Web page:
All That Matters is Doing the Work

Filed in Finding & Following Your Voice, The Writing Life by on May 11, 2011 • views: 401

Today was a good day. Why? Because after a couple days of being away, I spent two hours working on my novel.

I had to travel over the weekend. The pace and requirements of my schedule made it near impossible to focus on writing, and during the few hours that I could manage it, I had to complete projects for clients. It was a good weekend away—a chance to watch a student excel at a tough competition after working hard all year. But it was one of those rare times that I allowed a couple days to get away without devoting at least some time to my novel.

It left me feeling a bit out of sorts. It also started me down a dangerous path—that of continuing to avoid my personal project. Even after I got home, I made excuses. I was too tired. I had too much to do to catch up. The novel could wait one more day.

The good thing is I recognized the con-artist in my own mind. In the past I’ve listened to him and let one day of non-writing turn into two and then five and then 30. It’s terribly easy to do. If you’ve ever neglected your exercise routine for even one day, you know how much more difficult it is to get back into it the next day.

This time I knew what he was doing, so I bit the bullet and committed myself to the chair, and two hours later, had completed another chapter.

It didn’t matter whether or not it was perfect, or even whether or not it was good. What mattered was that I was back on track. I was devoting time to the calling of my inner voice. And that in itself made everything right.

Are you stalled in your progress toward your goals because you fear your work may not be good enough? Are you having a hard time getting started after some time away? Try to put all your concerns aside. It doesn’t matter! You will feel better if you simply do the work. If it didn’t go well yesterday, who cares? Start again today. If you haven’t worked on it for a long time, so what? Start again today.

“Think about your biggest accomplishment to date,” writes Isabel De Los Rios in The Diet Solution: Start Eating and Start Living. “What did it take for you to achieve that goal: months of overtime making yourself eligible for a job promotion? Countless hours helping your child learn a new skill? Years of practice to become successful at a sport or hobby? Accomplishment requires a great deal of work, commitment, and dedication.”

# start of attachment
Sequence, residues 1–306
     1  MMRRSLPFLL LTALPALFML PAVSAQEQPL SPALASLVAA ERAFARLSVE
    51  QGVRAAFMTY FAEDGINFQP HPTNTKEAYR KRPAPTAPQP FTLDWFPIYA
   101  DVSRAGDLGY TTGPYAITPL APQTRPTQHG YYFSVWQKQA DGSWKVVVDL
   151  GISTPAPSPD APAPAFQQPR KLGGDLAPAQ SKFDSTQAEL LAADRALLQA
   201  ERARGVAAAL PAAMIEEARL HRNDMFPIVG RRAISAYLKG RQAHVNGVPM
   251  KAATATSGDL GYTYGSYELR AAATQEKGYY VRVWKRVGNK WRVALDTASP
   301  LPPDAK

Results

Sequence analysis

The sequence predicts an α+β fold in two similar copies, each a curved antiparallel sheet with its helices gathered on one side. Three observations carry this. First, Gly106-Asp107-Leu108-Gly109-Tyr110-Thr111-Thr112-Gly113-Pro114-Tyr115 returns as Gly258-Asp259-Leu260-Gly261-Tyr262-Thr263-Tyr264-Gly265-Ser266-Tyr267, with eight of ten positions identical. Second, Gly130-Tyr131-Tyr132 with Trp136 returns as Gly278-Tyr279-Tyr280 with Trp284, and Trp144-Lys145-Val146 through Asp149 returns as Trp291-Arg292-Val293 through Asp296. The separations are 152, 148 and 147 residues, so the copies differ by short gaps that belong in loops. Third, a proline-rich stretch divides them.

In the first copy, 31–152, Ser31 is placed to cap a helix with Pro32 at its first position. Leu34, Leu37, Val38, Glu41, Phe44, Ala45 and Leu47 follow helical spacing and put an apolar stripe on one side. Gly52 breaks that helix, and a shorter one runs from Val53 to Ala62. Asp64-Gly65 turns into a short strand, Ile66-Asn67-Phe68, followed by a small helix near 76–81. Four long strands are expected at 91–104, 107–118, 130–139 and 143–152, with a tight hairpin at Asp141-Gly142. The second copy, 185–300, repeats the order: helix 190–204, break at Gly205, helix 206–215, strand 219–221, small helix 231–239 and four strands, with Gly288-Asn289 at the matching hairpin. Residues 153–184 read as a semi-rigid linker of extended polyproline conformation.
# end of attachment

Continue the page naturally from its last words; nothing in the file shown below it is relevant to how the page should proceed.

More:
If your inner voice is urging you to pursue a goal—particularly if it’s been after you for months or even longer—you will experience relief and a newfound energy if you simply commit yourself to doing the work, every day, for at least a few minutes. (More if you can.) Force your inner censor to take a hike, and just work. Forget about how good it is. Just work. If you’re having a hard time committing yourself, try these tips:

  • Schedule a time each day to devote to your goal—at least 30 minutes—then don’t allow yourself to miss that appointment.
  • Invest some cash in yourself. Use some of your savings toward your goal, or pay yourself for the time you invest, even if it’s only $1/hour. Purchase tuition at an upcoming conference or invest in an educational course. Do something that puts your money on the line—it can be very motivating.
  • Share your commitment with a trusted friend or loved one—someone who will keep you on task, and check up on you to see if you’re following through.
  • Give yourself deadlines. Write them on the calendar. Set rewards for yourself when you meet them.
  • You know yourself—come up with motivational methods to get yourself going!

“Commitment is that do-whatever-it-takes quality that keeps our eye on the prize,” writes Fitz on his blog about personal finance. “With commitment, there is a sense of no turning back. Moreover, dedicating yourself to your goals will open up new possibilities that would not reveal themselves to someone with less focus.”

Just try it. Do the work tomorrow. See how you feel. My guess is that just doing something will give you renewed energy to do much more the next day. Stay with it, and your efforts will snowball. It’s just the way it works!

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